Saturday, January 26, 2019


FIRST MAN is a film I wanted to see in the theaters, but it didn't last too long in my area and I never got around to seeing it. I finally caught up with it through Xfinity OnDemand.

One of the reasons for the tepid box office of FIRST MAN may have been a social media controversy over the fact that the movie does not have a scene showing astronauts Neil Armstrong and Buzz Aldrin putting up the American flag when they became the first human beings to step foot upon the moon. Personally, I think that made-up controversy was vastly overstated--I don't see how anyone can think this movie is anti-American.

The movie follows the progression of the American Space program in the 1960s through the experiences of Neil Armstrong. Armstrong is portrayed as a hardworking but somewhat distant person who is haunted by the loss of a young daughter to cancer. Various other tragedies ensue and Armstrong winds up commanding the Apollo 11 mission, and taking that giant leap for mankind.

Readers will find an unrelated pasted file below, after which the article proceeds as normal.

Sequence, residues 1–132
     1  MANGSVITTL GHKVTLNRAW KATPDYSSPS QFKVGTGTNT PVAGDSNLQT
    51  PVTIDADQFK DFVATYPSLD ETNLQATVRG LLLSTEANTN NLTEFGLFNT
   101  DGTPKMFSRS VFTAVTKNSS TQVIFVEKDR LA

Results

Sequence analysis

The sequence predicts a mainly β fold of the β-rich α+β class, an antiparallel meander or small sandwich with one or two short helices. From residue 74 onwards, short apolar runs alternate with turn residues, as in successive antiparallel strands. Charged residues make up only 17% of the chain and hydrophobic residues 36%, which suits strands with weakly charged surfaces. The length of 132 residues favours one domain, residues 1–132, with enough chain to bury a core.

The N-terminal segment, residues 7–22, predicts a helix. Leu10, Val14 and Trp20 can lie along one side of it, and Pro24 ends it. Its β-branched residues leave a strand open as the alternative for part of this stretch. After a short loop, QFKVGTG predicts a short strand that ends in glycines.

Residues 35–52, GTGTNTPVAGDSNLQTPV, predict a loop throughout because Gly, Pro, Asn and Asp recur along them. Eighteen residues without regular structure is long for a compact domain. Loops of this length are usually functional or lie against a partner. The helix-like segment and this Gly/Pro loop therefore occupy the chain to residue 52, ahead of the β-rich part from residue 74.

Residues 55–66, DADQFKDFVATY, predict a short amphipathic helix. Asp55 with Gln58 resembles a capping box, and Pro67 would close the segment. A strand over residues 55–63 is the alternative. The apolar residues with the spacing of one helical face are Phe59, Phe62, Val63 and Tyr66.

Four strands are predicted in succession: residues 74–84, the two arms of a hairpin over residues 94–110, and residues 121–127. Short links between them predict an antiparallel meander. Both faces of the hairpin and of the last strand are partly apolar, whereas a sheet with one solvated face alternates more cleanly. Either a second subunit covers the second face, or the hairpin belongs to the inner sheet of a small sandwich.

FIRST MAN is a very well made film--the special effects and the recreations of the 1960s-era technology are excellent. But it didn't engage me as much as I thought it should. The movie has a very detached attitude to it, and that may be due to the fact that Ryan Gosling has a very detached acting style as Neil Armstrong. The real Armstrong certainly wasn't a showy, take the spotlight type, but in FIRST MAN he comes off as something of a mystery, even to his own family. The remoteness of Gosling's Armstrong makes it difficult to appreciate his story.

Another reason FIRST MAN didn't impress me was the shaky camera style and rapid editing--I know I'm getting on my old white guy soapbox here, but I really wish that 21st Century filmmakers would use a tripod once in a while and stay on a shot for more than a couple seconds. Director Damien Chazelle does do these things during the segment in which Armstrong walks on the moon--but instead of focusing on the grandeur of the moment he stresses the creepy desolation of the landscape.

The biggest problem with FIRST MAN is that there's no sense of triumph, or accomplishment. The movie ends with a glum-looking Armstrong being in forced quarantine isolation after returning to Earth--I'm sure this is meant, in a heavy handed way, to point out how isolated the man has always supposedly been, but it's a climax that's not very satisfying. What Armstrong and all the other people involved in NASA during the Space Race did was one of the greatest achievements in human history. It should be celebrated--especially since sadly we live in a world where people would much rather have ridiculous debates on whether the moon landing was fake instead of giving credit to those who deserve it.

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